As always the diet industry jumped on the band wagon with low fat diets with many products you will recognize from today including Rosemary Conley and the Pritkin diet. As weight loss requires the body to utilize body fat as an energy source then reducing fat is the quickest and easiest way to reduce total energy consumption. Also, the negative links with coronary heart disease and arterial blockages as well as links with cholesterol (a type of fat) explain why the general consensus is that fat is a negative and consumption of fat equals storage.

What do we need for adequate health- well we can reduce fat heavily and I will talk about the negative implications of this. As a general recomendation fat consumption is widely recommended to be between at least 20 to 30% of total daily calorific consumption. Most low fat diets result in this being reduced to 10% though research highlights moderately low-fat diet with varied fat consumption, where 20 to 30 percent of calories come from fat, is more likely to keep the weight off in the long term.

Most foods contain some form of fat and for good reason. We need it to survive. Our body needs fat to make cell walls as well as the production of hormones. Without which we cannot maintain our metabolism. Vitamins are also absorbed and stored in body fat meaning long term restriction of fat can severely damage your nutritional status. We also need certain fats for the upkeep of our body- omega 6 and omega 3 are probably recognizable to most people. It is not surprising that the health message has become confused as on one hand fat is bad for your health but science simply refutes that you need a consistent fat consumption for the maintenance of your body and health.

Even the negative argument about saturated fat consumption is being challenged- as I have stated before correlation does not denote cause. Finding arterial fat does not mean that saturated fat is solely responsible for heart disease. Indeed we can process it and we do not a certain amount for the maintenance of the body these studies also interestingly correlated increased obesity with increased fat consumption, discounting an increase in sugar and carbohydrate consumption which occurred as well during this time frame.

The one negative for fat consumption is trans fats which are made made through the hydrogenation of oils to improve shelf life- most processed foods will contain these fats. Our body cannot use these and they should be avoided.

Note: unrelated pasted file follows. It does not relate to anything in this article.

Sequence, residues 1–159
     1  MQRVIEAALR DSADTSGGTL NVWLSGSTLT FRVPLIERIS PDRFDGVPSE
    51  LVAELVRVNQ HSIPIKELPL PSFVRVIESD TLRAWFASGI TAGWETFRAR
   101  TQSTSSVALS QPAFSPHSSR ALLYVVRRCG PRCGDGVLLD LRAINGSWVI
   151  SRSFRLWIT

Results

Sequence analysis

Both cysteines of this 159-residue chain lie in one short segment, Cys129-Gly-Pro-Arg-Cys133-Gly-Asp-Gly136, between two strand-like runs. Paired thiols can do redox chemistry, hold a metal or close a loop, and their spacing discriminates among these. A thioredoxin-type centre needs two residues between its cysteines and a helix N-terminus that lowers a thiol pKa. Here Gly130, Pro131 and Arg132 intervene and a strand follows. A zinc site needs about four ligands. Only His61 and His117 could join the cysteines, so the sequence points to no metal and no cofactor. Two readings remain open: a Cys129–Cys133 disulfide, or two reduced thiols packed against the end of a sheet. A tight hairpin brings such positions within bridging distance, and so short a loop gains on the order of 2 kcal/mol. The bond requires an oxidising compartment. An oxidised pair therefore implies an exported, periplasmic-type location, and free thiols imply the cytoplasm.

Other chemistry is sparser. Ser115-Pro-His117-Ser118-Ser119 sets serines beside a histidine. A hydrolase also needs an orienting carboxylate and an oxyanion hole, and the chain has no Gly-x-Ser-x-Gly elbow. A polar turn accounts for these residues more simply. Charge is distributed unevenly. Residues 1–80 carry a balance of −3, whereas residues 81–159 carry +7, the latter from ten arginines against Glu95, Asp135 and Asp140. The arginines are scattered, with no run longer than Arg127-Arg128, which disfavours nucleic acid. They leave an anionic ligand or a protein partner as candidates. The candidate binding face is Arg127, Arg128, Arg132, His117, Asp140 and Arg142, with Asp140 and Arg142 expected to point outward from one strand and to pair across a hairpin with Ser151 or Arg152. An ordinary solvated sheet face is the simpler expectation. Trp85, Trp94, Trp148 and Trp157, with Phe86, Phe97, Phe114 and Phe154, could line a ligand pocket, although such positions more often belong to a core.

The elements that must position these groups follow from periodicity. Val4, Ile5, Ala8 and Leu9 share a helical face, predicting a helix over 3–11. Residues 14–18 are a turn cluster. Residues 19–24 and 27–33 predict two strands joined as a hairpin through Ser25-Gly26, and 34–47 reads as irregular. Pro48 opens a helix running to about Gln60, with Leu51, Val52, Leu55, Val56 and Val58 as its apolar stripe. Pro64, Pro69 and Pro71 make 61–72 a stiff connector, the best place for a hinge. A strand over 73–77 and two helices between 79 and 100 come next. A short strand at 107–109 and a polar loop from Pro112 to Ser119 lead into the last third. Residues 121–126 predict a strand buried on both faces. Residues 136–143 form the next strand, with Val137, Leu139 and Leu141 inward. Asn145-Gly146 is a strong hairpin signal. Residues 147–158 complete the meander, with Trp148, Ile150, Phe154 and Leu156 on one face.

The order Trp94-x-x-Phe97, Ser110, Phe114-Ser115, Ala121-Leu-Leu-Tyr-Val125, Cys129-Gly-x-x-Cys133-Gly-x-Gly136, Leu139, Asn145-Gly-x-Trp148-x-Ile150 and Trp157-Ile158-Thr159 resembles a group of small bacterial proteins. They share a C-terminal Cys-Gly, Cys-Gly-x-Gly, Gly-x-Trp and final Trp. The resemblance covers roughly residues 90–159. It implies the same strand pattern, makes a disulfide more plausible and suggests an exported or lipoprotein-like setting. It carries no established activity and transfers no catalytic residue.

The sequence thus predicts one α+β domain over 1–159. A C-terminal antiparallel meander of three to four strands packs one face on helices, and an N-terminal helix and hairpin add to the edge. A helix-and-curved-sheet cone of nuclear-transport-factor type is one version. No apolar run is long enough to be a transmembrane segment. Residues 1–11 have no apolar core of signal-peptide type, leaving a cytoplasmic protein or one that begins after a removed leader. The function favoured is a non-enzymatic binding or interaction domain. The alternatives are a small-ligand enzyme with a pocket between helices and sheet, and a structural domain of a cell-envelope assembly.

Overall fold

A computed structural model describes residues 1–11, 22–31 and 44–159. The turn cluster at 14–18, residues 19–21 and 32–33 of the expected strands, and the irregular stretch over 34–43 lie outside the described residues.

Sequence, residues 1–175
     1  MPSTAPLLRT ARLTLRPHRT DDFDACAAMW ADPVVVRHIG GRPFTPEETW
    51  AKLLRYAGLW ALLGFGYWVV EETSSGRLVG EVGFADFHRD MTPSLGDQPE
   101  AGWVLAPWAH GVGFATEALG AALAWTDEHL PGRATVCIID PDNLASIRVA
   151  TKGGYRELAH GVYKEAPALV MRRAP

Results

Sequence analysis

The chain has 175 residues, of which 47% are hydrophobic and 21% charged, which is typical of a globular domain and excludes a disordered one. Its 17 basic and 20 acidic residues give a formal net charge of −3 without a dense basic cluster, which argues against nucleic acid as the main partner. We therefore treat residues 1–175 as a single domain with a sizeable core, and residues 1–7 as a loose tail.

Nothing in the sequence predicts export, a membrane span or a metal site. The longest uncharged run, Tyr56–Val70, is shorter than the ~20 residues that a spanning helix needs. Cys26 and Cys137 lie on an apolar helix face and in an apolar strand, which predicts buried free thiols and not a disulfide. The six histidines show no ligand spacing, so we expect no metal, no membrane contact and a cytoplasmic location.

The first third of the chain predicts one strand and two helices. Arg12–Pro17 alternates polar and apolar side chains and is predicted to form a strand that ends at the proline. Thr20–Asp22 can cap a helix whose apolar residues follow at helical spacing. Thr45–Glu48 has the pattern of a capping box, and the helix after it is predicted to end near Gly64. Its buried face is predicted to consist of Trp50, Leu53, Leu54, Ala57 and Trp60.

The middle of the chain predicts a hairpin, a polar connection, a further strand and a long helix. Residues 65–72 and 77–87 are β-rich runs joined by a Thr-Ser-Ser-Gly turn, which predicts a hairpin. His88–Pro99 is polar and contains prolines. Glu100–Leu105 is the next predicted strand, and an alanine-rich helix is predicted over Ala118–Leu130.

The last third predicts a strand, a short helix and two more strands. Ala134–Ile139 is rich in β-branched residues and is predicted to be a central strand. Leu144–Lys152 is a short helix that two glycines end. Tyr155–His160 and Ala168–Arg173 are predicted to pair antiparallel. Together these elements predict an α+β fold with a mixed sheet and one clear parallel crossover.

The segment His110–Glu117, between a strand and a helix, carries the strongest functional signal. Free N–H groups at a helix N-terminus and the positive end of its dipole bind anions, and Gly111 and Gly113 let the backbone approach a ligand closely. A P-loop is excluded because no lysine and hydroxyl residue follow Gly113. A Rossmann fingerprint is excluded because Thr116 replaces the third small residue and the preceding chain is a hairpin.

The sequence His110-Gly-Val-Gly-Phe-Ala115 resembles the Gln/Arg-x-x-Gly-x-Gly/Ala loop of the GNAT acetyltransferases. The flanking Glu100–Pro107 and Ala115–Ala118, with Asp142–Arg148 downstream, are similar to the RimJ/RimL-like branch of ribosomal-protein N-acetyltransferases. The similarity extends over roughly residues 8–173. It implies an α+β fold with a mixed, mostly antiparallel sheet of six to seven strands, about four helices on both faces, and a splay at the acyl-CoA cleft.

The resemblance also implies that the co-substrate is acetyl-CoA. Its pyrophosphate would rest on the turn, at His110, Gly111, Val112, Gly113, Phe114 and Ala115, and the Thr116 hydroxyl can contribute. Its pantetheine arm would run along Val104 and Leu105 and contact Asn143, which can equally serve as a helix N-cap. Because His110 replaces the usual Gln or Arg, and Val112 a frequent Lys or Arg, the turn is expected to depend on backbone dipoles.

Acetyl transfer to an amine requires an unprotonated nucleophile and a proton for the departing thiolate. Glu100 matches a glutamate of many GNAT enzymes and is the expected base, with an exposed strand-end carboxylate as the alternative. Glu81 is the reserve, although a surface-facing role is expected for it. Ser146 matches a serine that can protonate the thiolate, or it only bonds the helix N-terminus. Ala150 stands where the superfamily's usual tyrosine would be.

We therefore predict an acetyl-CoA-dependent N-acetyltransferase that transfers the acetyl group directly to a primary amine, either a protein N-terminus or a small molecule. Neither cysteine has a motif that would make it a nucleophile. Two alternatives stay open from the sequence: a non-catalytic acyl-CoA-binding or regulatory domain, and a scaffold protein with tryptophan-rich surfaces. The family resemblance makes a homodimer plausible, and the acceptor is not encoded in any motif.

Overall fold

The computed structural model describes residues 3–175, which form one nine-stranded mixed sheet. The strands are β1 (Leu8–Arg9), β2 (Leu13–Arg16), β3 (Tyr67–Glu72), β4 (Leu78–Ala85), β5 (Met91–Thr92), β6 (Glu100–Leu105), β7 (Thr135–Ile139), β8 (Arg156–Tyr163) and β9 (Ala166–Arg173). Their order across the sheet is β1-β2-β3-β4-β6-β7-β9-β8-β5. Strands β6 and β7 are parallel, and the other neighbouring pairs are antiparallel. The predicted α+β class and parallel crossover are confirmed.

But the 100 million dollar question…. They work…. don’t they? Well yes because a lot of the time you are reducing net food consumption so it can help with weight and fat loss. However the negative implications may be reductions in your hormonal health and therefore your long term ability to maintain your metabolic rate, immune system etc.

So what happens if I overeat fat? The same things as protein and carbohydrates. It will be stored as body fat. The key is to work out what you need and balance your intake so it is consistent  Metabolically it is easier to convert consumed fat in to body fat but as we need it for so many vital purposes it is important to maintain a sensible level of consumption as opposed to reducing it heavily.

 

 

 

 

Diet Review: The Alkaline Diet

This is the start of a review of a number of mainstream and celebrity based diets. The fitness and nutrition industry is awash with various plans backed with flaky science. In this series I am considering the positives and negatives of each of these plans.

Not only do diets now promise weight loss. They also promise to “detox” us, reset our body’s metabolism and make it abundantly clear that we do not have a clue how or what to eat. One such diet suggests that not only will this diet cure cancer but it will reset the bodies pH and allow the immune system to regain control of the body before it consumes you in one big anti-human explosion which clearly you didn’t stand a chance of staying alive or even functioning if you didn’t consume predominantly alkaline food.

The premise behind this type of plan is that pH is a measure of the balance of acidity and alkalinity (think back to school science). A pH of 0 is extremely acidic, 14 is extreme alkaline. Therefore a pH of 7 is neutral. Now our body has a number of different areas that are separate to each other which need differing levels of acidity and alkalinity. For instance, the stomach has a pH ranging from 1.3 to 3.5, in turn blood has to remain slightly alkaline between a pH of 7.2 (during exertion) and 7.45.

The idea behind the diet is that you can influence the pH of your body by undertaking the consumption of alkaline foods. This in turn leads to in the diets description enhanced function of the body- meaning a loss of weight and a detox from an acidic state in turn putting your body “back in to balance.”